Soccer fans have passed the point where they need to defend themselves to know-nothing blowhards like Bill Plaschke. Thanks to Phil Anschutz and the miracle of satellite TV, fans in L.A. are pretty well set up. The only nagging problem is the eight-hour time difference between the U.K. and the West Coast, which means English Premier League games kick off at the crack of dawn. What to do? Head over to Lucky Baldwin's. Have a beer and an English breakfast and yell and scream. This is so obvious by now that even Plaschke has figured it out. But that's OK. He's welcome, as long as he doesn't say anything. The common complaint is that Lucky Baldwin's doesn't show much respect for American soccer — either MLS or the U.S. National Team. For that, try Alpine Village in Torrance or Ye Olde King's Head in Santa Monica. 1770 E. Colorado Blvd., Pasadena. (626) 795-0652, luckybaldwins.com.
"Discos don't open till after dark/And it ain't till 12 till the party really starts," goes the Whodini song, and indeed it's fair to say that at Freak City the partying goes until very late. A combination retail and underground-events space in the heart of Hollywood, the spot is decorated by enough spray-can art, old vinyl and chain-link fencing to recall the glory days of Yo! MTV Raps. It hosts wild ragers that put House Party to shame, which is ironic because the fashions are right out of that film's era, both on the racks — you can purchase vintage threads and locally designed duds — and on the hipster-hop hordes who come in. (You might see fade haircuts, loud prints, gold bling and even foxy fly-girl accessories.) The events range from the disco/house/rap party Studio 84 to the popular Swap Meet, where buying and boogie-ing converge after dark. Enter through the back alley. 6363 Hollywood Blvd., Hlywd.; (213) 446-5413, freakcity.la.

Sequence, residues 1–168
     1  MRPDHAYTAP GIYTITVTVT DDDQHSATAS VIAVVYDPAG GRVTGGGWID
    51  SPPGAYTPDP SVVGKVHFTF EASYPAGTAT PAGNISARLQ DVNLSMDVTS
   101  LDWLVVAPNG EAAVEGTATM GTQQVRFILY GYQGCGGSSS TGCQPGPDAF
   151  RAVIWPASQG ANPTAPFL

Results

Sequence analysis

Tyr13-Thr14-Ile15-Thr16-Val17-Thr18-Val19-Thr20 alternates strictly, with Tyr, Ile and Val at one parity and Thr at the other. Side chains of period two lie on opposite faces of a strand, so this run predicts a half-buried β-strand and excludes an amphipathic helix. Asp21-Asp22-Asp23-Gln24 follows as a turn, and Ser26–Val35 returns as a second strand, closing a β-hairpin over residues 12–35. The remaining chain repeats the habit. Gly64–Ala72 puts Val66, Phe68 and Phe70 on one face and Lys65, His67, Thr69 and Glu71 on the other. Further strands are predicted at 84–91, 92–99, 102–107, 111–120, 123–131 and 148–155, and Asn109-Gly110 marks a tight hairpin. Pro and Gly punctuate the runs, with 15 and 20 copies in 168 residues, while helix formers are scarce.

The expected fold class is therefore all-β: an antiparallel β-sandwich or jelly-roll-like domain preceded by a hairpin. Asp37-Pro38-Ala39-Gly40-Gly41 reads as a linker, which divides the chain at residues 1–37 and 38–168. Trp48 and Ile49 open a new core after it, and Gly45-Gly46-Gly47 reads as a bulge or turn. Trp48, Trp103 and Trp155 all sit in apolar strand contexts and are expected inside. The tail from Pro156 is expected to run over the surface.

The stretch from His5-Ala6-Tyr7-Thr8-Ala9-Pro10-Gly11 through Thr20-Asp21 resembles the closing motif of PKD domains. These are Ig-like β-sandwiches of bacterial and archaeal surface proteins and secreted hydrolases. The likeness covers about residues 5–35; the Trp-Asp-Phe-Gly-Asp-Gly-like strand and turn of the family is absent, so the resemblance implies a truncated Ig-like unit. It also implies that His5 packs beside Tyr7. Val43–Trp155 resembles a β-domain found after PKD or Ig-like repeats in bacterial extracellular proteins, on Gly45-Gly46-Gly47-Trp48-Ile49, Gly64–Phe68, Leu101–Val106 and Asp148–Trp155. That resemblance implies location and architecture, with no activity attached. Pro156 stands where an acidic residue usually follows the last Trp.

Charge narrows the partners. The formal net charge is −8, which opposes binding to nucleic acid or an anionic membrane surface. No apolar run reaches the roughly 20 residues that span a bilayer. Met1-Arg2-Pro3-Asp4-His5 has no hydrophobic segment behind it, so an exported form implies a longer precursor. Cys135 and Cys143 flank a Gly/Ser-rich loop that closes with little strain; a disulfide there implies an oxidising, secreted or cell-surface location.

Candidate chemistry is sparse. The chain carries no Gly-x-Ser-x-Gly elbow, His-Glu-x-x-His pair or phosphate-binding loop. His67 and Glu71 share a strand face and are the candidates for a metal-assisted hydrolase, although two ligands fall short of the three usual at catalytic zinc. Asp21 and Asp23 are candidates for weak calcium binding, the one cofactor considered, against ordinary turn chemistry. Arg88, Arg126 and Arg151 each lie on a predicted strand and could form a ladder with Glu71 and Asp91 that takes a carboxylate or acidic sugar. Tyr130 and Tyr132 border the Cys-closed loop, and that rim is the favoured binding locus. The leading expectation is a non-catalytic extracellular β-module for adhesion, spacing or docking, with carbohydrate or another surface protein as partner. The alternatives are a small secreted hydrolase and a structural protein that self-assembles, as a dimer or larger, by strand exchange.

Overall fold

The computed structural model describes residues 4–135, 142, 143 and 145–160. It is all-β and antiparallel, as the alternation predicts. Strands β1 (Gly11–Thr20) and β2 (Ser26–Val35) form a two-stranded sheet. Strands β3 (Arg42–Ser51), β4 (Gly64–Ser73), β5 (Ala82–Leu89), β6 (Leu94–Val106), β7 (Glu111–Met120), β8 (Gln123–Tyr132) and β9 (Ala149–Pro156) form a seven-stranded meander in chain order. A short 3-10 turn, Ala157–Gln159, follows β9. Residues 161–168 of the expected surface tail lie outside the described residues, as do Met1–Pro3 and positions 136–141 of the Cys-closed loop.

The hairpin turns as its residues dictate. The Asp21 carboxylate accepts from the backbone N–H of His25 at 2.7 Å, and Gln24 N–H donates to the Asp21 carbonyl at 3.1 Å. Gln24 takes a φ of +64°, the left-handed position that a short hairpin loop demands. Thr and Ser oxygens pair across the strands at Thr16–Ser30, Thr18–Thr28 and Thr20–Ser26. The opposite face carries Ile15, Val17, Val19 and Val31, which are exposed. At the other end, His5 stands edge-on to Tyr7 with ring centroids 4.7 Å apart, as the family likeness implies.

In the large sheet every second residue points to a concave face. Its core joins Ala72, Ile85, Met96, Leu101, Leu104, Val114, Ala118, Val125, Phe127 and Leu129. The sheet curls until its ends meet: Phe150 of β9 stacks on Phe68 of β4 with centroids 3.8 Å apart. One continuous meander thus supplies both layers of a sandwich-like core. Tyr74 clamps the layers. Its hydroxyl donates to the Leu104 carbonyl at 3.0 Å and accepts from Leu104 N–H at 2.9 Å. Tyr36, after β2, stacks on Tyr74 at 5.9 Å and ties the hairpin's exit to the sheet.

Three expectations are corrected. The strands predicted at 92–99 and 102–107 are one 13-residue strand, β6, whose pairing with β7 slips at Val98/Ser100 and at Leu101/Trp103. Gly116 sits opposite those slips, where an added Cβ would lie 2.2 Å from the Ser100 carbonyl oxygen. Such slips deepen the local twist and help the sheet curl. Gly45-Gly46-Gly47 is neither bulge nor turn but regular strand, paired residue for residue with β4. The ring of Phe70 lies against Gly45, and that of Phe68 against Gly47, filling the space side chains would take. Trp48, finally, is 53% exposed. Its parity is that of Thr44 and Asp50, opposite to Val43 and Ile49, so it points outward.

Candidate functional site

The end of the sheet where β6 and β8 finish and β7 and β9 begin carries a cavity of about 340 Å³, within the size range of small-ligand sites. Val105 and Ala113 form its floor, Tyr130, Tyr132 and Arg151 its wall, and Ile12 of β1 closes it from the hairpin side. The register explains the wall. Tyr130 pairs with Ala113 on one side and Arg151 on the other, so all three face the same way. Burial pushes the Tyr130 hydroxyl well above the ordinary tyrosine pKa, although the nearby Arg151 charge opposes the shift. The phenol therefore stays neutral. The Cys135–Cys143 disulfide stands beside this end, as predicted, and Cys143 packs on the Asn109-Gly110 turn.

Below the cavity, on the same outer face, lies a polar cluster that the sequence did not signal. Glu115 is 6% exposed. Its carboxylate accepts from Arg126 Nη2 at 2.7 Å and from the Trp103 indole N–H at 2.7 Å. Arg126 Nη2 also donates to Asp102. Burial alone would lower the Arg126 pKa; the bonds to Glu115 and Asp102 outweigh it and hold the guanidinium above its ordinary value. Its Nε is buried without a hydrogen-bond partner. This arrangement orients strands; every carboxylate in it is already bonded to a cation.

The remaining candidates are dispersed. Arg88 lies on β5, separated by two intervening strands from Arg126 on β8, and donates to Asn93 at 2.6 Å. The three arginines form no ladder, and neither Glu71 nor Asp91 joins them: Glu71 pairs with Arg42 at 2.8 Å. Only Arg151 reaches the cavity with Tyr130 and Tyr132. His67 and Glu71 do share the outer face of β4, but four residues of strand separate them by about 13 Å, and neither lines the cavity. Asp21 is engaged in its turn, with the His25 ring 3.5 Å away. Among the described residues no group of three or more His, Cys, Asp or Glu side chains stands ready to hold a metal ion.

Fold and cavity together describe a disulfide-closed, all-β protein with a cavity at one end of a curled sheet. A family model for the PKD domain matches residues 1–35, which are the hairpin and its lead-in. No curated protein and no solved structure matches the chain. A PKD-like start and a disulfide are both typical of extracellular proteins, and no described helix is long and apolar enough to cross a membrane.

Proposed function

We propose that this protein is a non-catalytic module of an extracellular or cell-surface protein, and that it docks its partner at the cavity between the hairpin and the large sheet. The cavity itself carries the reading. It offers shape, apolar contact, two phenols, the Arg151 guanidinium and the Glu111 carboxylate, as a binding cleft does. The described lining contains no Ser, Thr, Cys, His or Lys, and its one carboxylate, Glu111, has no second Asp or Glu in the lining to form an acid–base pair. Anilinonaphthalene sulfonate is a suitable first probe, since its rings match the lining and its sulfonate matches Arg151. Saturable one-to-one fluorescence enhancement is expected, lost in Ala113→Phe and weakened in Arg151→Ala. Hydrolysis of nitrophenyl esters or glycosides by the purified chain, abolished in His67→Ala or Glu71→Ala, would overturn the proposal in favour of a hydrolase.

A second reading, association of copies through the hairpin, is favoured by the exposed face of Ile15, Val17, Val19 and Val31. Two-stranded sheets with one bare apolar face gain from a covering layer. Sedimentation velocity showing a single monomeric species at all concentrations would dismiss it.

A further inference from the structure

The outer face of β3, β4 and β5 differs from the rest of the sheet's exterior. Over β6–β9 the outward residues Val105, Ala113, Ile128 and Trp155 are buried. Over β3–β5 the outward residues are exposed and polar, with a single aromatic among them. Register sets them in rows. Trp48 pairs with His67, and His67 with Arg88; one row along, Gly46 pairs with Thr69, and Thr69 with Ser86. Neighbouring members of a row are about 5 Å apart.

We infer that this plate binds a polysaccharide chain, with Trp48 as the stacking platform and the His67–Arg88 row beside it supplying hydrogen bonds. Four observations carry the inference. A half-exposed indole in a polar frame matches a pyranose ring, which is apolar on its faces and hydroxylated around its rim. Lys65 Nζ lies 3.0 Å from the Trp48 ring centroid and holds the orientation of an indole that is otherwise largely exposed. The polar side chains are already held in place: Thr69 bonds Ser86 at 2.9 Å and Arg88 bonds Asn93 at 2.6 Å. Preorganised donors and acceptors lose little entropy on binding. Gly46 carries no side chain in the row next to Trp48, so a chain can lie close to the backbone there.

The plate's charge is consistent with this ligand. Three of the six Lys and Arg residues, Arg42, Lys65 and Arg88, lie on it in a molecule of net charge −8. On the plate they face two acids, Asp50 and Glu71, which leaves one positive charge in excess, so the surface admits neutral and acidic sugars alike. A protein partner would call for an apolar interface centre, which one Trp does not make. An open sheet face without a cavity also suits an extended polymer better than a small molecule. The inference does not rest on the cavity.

Monday isn't typically the town's most happening night, but it does have the town's most happening karaoke. Ground Control at Jewel's Catch One has a devoted cult following that feels like a family. Everyone's rooting for you, and if you screw up the words or can't carry a tune, often you'll get some good-natured help from the crowd. But what really makes it special is the unique and alterna-heavy playlist: Try finding selections from Groucho Marx, Frank Zappa, My Life With the Thrill Kill Cult or Sham 69 in Koreatown. And if you can't find that special tune you're just dying to croon, MP3J Sark, who put in years deejaying at Goth and industrial clubs, encourages members of the Ground Control family to order karaoke tracks online and bring them to the club. Likely that won't be necessary, though, as there's plenty here to keep you entertained. Aside from the basics — Madonna, Neil Diamond, Radiohead, Van Halen, etc. — you can re-enact Tarantino scenes to Stealers Wheel, romance your sweetie with Tenacious D's "Fuck Her Gently," or get your goof on with selections from Weird Al, Spamalot or South Park. Chocolate Salty Balls, anyone? 4067 W. Pico Blvd., Mid-City. (323) 734 8849, catchonenightclub.com.